A Conscience Struggle With Wal-Mart This work has been published in the Teen Ink monthly print magazine.

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   I like Wal-Mart. I can't help it. I know I shouldn't. The moral, conscientious part of me reminds me of all the reasons Wal-Mart is evil: their policy of hiring only part-time employees to avoid paying full-time employee benefits, their unnecessary maze-like parking lots that turn plants into pavement and the subject of a recent court case - predatory pricing.

Even so, the wicked, subconscientious part of me adores the low prices and wide selection that Wal-Mart offers. Besides, how can you hate a store that always provides someone at the door to greet you when you arrive?

Thus is the saga every time I need a last-minute item. With a twinge of guilt I skip over the smaller businesses in the area and drive to Wal-Mart because 1) I know they will have whatever I need and 2) I don't have to waste time looking for it. As penance to my conscience I tell myself, "I will not enjoy this trip." And then it happens all over again. I discover the neat little computer in the car section that will tell me which kind of air filter I need by entering just the model and year of my car. Bam! I love Wal-Mart again.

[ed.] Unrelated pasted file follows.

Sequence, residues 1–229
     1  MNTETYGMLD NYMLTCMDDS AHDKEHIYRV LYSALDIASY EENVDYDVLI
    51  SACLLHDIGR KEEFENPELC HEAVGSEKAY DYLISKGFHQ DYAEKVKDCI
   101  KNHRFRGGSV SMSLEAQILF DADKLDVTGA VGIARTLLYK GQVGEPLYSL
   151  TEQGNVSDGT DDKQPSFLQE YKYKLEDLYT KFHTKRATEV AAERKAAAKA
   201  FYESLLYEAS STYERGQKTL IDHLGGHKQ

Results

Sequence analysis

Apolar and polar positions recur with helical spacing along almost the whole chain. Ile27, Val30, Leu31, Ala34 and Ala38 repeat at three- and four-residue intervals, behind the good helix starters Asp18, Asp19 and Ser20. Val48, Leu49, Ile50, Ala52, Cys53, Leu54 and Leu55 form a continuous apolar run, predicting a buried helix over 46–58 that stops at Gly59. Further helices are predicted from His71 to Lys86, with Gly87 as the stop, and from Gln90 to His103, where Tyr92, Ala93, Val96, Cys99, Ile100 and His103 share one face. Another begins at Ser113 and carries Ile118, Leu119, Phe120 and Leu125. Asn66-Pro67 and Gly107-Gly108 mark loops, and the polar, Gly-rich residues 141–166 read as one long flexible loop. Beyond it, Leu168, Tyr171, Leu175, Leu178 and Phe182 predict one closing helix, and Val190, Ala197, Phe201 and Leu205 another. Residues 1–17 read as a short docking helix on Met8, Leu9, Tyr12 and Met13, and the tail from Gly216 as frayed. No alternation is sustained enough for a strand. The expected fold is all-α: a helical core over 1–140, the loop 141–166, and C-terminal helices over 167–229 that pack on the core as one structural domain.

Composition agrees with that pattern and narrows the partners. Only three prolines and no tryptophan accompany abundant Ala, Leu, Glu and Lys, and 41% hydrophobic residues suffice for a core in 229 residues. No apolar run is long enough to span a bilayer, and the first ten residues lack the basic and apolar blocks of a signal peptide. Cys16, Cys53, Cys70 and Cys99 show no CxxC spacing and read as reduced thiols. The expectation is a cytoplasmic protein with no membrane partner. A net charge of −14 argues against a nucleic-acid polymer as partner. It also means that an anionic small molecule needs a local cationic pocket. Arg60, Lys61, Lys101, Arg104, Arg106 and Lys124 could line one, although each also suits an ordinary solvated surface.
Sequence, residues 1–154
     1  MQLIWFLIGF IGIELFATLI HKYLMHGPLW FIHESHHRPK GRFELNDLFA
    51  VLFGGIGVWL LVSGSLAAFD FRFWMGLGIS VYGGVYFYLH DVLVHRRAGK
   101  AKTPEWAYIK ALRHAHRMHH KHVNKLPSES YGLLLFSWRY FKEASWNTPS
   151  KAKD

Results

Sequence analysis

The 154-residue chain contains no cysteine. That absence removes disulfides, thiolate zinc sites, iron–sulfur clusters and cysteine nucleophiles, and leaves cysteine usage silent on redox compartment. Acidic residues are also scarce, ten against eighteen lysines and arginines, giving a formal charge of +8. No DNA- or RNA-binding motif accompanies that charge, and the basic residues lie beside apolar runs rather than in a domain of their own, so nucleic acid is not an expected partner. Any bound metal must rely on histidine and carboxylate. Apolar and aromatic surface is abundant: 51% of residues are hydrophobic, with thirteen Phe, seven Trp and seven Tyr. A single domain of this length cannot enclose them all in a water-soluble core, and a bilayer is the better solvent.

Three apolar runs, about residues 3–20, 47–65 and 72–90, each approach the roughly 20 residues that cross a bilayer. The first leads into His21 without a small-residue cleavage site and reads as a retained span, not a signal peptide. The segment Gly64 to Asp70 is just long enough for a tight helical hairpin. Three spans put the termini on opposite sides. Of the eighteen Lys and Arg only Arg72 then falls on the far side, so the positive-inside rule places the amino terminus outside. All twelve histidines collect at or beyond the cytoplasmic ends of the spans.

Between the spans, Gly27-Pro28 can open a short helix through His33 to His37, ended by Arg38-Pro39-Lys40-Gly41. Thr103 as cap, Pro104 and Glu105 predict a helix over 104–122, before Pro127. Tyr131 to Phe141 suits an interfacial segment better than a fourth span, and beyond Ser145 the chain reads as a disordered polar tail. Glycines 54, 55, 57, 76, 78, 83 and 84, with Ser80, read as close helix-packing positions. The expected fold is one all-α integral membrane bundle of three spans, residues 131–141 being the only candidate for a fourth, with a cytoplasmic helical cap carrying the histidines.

Whose side are you one? my conscience asks. Your own mother is a small business owner.

That is what it comes down to. Small business versus corporate giant. And that's why every time I see a headline like "High court in Arkansas rules in Wal-Mart's favor" my heart skips a beat and this little knot of fear twirls in my stomach.

If Wal-Mart is not selling prescription drugs at a loss to put independent drugstores out of business, then why are they doing it? I do not believe it is because they think, "Medicine is too expensive, so hey, give the customers a break."

Wal-Mart is creating a monopoly. Remember playing Monopoly as a child? What happened when you owned one whole side of the board?

The Arkansas Supreme Court may have ruled that Wal-Mart's underpricing is legal, but that doesn't mean that it is right. As consumers, we cannot afford to be guiled by spacious buildings and sale signs. We cannot afford to condone monopolizing companies. As consumers, it is our responsibility to buy our prescription drugs from independent drugstores. If we do not, then five years from now, those drugstores may not exist and we will have no choice. ?


This work has been published in the Teen Ink monthly print magazine. This piece has been published in Teen Ink’s monthly print magazine.






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mightierthanthesword said...
Nov. 23, 2011 at 9:06 am
Very clever! I love this! You have quite a gift for writing!
 
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